We see a stunning portrait of corruption and abuse of power in the hulk of Orson Welles. As I said earlier the opening shots sets the mood and tone. Having introduced main characters early on Welles doesn’t slacken his control over its development. This technical brilliance, flaunted so early, is a driving force, opening the door to extensive range of camera angles and superb editing. Links between separate scenes are established with connecting motifs, such as doors opening or a shared musical theme. When combined with the advanced level of spatial choreography (so that every position and movement latches together into a cogent whole), the result is an extraordinary piece of film-making. There is a greater fluidity in his direction helped firmly by the strong theme and acting.
Lastly, the bizarre casting choices made for Touch of Evil show, in retrospect, a certain genius. Welles is perfect, dominating and beyond reproach, sometimes looming over the screen and sometimes shrunken like a doll. In opposition, Heston and Leigh are excellent as the disturbed newly-weds. However, special mentions must be made of Marlene Dietrich, the gypsy fortune-teller Tanya, Dennis Weaver, the motel clerk, Mercedes McCambridge, a butch gang member, and Zsa Zsa Gabor. This eclectic group of performers forms the broad-sweep of this frontier town, a setting where the weird is commonplace and disparate cultures clash. All of this gives Touch of Evil a deliciously tangy flavour, a film noir at its best. Given the unexpected opportunity to direct( since Citizen Kane had sent him to the dog-house as far as Movie moghuls were concerned), Welles grabbed the opportunity and created a masterpiece (foxing the studio executives). As usual he messed up during the editing stage, by letting the film out of his hands (cf. The Magnificent Ambersons), but now we have the chance to see his vision in all of its electrifying glory.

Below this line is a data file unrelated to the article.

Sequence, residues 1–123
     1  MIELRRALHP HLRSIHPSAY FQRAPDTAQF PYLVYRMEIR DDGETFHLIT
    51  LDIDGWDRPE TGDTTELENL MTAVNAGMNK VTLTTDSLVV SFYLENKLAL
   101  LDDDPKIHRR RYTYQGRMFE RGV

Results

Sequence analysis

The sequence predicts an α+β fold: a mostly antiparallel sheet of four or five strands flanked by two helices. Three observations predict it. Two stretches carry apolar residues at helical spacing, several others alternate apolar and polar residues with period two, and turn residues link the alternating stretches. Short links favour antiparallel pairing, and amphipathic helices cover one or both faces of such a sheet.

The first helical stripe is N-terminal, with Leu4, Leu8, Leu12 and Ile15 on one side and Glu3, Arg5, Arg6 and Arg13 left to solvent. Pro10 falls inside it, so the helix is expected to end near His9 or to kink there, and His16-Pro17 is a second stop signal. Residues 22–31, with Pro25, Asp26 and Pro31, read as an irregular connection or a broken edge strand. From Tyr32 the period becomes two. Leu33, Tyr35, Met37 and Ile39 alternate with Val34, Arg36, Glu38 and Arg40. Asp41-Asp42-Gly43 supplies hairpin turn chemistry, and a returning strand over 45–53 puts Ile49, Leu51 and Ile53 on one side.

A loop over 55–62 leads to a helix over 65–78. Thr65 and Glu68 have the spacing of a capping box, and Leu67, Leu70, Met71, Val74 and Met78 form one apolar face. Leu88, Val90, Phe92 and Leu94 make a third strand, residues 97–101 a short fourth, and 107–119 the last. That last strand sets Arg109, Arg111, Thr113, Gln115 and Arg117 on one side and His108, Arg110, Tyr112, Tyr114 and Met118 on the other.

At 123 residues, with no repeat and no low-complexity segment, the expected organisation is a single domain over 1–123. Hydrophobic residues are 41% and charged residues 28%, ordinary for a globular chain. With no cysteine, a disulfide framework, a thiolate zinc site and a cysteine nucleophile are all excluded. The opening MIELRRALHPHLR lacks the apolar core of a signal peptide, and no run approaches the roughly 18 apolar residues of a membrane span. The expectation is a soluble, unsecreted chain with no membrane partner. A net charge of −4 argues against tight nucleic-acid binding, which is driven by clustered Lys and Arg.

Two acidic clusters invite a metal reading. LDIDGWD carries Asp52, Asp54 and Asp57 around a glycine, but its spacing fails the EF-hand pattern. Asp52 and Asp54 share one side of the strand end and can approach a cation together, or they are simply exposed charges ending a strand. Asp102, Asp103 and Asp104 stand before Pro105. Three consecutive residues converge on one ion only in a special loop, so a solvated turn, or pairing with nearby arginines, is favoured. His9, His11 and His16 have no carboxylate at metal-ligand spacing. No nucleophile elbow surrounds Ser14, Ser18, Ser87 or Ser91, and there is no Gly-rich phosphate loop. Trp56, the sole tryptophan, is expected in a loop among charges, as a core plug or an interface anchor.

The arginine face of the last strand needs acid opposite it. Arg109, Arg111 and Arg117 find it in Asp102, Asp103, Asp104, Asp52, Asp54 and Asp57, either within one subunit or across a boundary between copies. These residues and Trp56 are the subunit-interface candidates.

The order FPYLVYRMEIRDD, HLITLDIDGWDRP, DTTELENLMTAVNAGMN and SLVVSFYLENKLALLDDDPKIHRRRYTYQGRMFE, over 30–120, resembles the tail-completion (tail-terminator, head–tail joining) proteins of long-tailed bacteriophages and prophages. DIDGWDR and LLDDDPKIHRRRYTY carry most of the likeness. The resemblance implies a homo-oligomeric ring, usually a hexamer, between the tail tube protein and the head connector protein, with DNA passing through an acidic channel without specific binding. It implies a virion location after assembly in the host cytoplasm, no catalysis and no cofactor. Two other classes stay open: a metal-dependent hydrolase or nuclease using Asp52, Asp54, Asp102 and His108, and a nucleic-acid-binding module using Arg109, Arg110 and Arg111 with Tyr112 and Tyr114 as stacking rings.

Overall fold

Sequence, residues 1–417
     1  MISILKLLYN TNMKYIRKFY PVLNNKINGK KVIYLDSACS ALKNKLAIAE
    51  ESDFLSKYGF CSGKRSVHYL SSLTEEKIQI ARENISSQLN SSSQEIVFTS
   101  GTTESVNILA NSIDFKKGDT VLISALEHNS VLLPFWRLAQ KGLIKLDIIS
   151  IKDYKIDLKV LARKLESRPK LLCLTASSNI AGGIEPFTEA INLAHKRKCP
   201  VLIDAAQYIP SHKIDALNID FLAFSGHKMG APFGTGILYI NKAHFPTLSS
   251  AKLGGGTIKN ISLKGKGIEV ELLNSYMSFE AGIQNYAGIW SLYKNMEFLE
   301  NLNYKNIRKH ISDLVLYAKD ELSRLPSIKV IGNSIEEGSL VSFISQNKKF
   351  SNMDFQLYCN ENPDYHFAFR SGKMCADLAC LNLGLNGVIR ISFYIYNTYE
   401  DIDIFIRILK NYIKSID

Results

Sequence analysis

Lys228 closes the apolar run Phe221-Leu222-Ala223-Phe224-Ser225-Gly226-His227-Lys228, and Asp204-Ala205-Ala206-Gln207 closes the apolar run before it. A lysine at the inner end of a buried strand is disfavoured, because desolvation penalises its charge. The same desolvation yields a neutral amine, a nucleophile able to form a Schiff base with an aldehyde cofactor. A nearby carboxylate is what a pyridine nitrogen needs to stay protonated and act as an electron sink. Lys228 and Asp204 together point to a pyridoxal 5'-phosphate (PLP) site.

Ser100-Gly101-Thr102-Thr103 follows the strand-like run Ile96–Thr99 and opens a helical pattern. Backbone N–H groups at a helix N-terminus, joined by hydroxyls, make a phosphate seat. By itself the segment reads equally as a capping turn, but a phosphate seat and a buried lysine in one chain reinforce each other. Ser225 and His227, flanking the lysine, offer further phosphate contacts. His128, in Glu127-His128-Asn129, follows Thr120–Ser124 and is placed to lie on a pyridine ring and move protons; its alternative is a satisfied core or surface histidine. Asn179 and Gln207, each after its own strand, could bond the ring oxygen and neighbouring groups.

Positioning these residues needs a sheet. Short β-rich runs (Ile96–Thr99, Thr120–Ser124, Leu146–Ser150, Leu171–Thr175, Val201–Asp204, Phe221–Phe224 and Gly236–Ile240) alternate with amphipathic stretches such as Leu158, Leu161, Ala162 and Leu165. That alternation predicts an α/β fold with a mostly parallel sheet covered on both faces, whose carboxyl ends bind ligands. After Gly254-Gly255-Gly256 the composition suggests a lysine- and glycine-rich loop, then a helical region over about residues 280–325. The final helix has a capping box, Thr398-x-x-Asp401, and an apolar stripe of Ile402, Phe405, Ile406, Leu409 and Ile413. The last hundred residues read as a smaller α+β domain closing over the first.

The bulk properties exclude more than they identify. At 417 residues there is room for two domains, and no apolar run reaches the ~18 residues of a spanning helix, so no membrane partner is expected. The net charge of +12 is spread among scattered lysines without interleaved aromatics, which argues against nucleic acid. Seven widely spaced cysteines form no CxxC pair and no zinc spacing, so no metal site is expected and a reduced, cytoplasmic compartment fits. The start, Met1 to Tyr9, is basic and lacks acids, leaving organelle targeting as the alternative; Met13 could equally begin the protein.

The version of the film that was released in 1958 with 93 minutes of running time (later revised and restored with 15 minutes of additional scenes in 1976), was disowned by director Welles, who was paid $125,000 to direct, re-write, and star in the film. Before its release by Universal International Pictures, some scenes were reshot, and the film was edited, cut and bastardized without his full approval, while he was out of town working on another project.
In 1998, the film was re-edited and/or restored based upon creator Welles’ original, newly-discovered 58 page memo of editing instructions to Universal International boss Ed Muhl. The new version did not contain new footage, but was a reconstructed “quasi-director’s cut” with re-organized, cross-cut scenes (with a total of about 50 changes). The most impressive change was that the legendary opening shot (described below) was seen without obscuring, super-imposed credits, and the blaring, distracting Henry Mancini background music during the elaborate scene was stripped away and replaced by natural source music (from doorways of dives the couple passes, or from car radios). The credits were re-positioned at the end of the sequence. Other changes included: repaired torn shots, restored sound quality, excision of “explanatory scenes” added by the studio, re-positioning and trimming of scenes, and restoration of originally-cut footage. The re-edited version, the fourth version of the film, now runs 111 minutes (compared to 93 minutes in the earliest version).(ack)